(Note: The below is from Paul Tchir, aka Canadian Paul, one of our group of OlyMADMen. Paul’s specialty is looking at the oldest Olympians, by sport, by medals, by nation, and almost every permutation thereof, and he is absolutely the world’s expert on this topic. You can find his specific page related to this at http://en.wikipedia.org/wiki/User:Canadian_Paul/Olympics.)
The recent death of American sport shooter Walter Walsh, the longest-lived Olympian, meant that the mantle of “oldest living Olympian” passed to a new title-holder. This distinction went, almost certainly, to Swiss artist Hans Erni, who competed in the art competitions at the 1948 Summer Olympics. Born on 21 February 1909 in Lucrene, Erni achieved international fame as a painter, sculptor, graphic artist, and ceramist and is, as of 9 July 2014, the third longest-lived Olympian of all time, behind Walsh (who was less than a week shy of his 107th birthday at his death) and American gymnast Rudolf Schrader, the latter of whom competed at the 1904 Summer Olympics and died in January 1981 at the age of 105 years, 307 days. Although there are a handful of Olympians older than Erni whose death has not been confirmed, it seems unlikely that someone would have reached 105 years of age in the era of the internet and escaped any notice whatsoever.
As art competitions were removed from the program after 1948, however, this answer may not satisfy everyone. The oldest Olympian from an athletic competition known to be living is Guo Jie of China, who took part in the men’s discus throw at the 1936 Summer Olympics. Guo, born 16 January 1912 in Dalian, is his nation’s longest-lived competitor, the last member of its delegation to the 1936 Games, and was still physically active at his 102nd birthday. He is one of seven Olympic centenarians known to be living, a list that includes:
- Swedish diver Ingeborg Sjöqvist, born 19 April 1912, who took part in the 1932 and 1936 Summer Olympics and was runner-up in platform diving at the 1931 and 1934 European Championships.
- American athlete Simone Schaller, born 22 August 1912, who participated in the 80 m hurdles tournament in 1932 and 1936 and is the longest-lived American female Olympian.
- Baron Eduard von Falz-Fein, born 14 September 1912, who represented Liechtenstein in bobsled at the 1936 Winter Olympics and is second behind Norway’s Hans Kleppen, who died in April 2009 at the age of 102 years, 27 days, among the longest-lived Winter Olympians.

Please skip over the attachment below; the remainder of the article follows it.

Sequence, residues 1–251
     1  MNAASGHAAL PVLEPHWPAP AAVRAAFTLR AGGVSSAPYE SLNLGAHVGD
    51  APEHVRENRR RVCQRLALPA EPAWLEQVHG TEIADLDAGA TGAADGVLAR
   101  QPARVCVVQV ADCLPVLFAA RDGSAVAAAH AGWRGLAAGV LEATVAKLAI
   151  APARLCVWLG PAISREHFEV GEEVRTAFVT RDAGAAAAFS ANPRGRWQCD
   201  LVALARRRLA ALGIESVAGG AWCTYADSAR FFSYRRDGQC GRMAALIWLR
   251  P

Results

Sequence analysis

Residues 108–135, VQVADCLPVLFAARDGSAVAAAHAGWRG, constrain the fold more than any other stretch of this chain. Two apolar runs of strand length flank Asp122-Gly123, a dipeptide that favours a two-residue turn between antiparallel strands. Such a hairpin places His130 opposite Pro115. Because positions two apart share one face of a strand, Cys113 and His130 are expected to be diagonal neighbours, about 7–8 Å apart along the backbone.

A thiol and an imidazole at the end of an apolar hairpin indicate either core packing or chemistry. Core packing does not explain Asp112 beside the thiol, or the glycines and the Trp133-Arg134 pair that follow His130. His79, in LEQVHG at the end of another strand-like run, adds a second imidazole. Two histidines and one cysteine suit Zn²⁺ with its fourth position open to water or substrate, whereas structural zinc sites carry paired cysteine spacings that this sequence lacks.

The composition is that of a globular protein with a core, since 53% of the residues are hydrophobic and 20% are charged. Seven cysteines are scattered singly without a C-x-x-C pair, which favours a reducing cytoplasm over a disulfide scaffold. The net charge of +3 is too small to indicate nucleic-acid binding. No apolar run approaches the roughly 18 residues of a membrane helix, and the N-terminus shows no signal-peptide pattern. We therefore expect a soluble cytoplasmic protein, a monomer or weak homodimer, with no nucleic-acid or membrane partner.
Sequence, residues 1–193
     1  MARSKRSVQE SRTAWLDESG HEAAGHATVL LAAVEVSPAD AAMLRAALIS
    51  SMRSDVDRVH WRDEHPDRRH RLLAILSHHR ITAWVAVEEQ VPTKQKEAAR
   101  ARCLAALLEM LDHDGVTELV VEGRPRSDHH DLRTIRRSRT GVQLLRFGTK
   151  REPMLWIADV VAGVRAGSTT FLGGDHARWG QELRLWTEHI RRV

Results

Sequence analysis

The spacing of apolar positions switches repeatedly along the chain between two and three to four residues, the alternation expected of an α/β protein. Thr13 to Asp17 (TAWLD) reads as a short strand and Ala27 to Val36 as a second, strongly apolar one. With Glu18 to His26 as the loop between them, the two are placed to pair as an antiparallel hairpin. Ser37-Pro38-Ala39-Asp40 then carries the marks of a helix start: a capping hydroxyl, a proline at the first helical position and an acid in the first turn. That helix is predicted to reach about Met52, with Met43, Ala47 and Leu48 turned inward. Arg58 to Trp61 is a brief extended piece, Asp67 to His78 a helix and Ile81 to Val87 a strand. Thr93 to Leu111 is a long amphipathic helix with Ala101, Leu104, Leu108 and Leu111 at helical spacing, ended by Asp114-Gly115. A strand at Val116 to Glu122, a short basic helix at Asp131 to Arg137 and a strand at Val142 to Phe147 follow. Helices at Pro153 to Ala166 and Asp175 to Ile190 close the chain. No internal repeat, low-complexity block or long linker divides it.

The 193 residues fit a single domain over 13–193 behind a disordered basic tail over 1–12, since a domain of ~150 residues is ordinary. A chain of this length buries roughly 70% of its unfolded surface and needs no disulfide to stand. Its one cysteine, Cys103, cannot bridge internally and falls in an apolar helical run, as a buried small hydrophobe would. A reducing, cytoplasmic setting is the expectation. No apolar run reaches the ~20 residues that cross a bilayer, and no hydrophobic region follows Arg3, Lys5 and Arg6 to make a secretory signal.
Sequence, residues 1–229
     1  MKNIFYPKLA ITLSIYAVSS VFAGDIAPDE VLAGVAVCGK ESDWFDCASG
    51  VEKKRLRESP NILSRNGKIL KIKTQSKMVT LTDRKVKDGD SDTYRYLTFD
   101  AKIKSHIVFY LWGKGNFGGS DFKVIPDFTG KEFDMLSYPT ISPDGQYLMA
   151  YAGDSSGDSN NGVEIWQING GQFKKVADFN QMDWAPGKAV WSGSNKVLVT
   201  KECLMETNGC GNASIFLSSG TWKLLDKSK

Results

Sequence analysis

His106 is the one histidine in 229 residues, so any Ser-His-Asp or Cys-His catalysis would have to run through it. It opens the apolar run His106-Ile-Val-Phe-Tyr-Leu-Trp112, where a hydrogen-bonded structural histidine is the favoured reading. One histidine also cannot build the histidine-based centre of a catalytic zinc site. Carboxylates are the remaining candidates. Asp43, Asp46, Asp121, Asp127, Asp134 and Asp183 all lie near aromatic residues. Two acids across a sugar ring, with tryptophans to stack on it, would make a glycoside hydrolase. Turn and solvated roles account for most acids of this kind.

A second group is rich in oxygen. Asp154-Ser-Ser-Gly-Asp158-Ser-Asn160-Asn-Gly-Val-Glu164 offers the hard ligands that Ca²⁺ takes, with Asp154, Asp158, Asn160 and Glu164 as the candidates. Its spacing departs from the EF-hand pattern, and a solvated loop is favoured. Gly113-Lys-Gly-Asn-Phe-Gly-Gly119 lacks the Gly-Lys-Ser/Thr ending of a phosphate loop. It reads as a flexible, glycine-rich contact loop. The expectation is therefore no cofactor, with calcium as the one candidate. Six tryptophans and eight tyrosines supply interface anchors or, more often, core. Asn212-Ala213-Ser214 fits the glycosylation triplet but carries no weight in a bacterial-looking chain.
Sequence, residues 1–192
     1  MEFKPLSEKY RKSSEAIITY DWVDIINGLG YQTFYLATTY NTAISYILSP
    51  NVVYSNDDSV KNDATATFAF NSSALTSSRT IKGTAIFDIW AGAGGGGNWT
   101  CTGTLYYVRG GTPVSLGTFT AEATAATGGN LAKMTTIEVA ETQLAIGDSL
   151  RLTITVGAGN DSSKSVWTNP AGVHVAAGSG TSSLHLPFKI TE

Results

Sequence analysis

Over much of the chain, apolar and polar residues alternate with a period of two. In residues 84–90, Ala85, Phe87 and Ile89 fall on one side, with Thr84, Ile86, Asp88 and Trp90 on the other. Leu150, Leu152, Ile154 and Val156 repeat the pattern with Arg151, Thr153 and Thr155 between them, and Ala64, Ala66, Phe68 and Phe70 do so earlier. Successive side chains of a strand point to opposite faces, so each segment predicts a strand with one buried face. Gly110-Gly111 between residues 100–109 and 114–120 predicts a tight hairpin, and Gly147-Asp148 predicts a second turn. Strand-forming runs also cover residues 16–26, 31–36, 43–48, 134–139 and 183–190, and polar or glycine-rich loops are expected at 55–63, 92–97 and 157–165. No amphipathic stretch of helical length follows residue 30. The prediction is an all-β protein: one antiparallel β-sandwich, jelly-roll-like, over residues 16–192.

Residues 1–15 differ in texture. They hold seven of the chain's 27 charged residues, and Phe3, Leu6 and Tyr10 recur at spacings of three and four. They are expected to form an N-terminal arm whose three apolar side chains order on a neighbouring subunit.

- Sándor Tarics, born 23 September 1913, who was a member of Hungary’s gold medal-winning water polo team in 1936 and is confirmed as the oldest living Olympic champion (the longest-lived Olympic champion is James Stillman Rockefeller, who died in August 2004 at the age of 102 years, 63 days).
- Evelyn Furtsch, born 17 April 1914, who earned a gold medal with the United States’ 4x100m relay team in 1932 and, earlier this year, surpassed Britain’s Godfrey Rampling as the longest-lived Olympic track and field gold medalist.
Three more Olympians will hopefully join them by the end of 2014: Olga Tőrös (born 4 August 1914), who won a bronze medal for Hungary in women’s team gymnastics in 1936, American John Lysak (born 16 August 1914), who competed in canoeing that same year, and Helen Johns (born 25 September 1914), who won a gold medal with the American team in the 4×100 m freestyle swimming event in 1932. Also worthy of mention is athlete Mien Klaver, born 26 February 1911, who was an alternate for the Dutch team in Furtsch’s event.
Outside of centenarians, Carla Marangoni (born 13 November 1915) is notable as the last known survivor of the 1928 Summer Olympics: she won a silver medal for Italy in the team gymnastics competition that year. Moreover, due to the increased attention that they receive, it is also possible to produce a definitive list of the seven oldest Olympic champions:
|Sándor Tarics||23 September 1913||M||HUN||WAP||1936|
|Evelyn Furtsch||17 April 1914||F||USA||ATH||1932|
|Helen Johns||25 September 1914||F||USA||SWI||1932|
|Durward Knowles||2 November 1917||M||BAH||SAI||1964|
|Martin Lundström||30 May 1918||M||SWE||CCS||1948|
|Adolph Kiefer||27 June 1918||M||USA||SWI||1936|
|Jack Günthard||8 January 1920||M||SUI||GYM||1952|
- Durward Knowles also won bronze in 1956 and competed in 1948, 1952, 1960, 1968, 1972, and 1988. He originally competed for GBR in 1948.
- Martin Lundström won two golds in 1948 and also bronze in 1952.
- Jack Günthard also won a silver in 1952.
(Note: This is a difficult topic because it is always hard to know if somebody is definitely alive. If any astute readers have information on Olympians over 90 years old, or older Olympians who have recently died, please contact us via this blog.)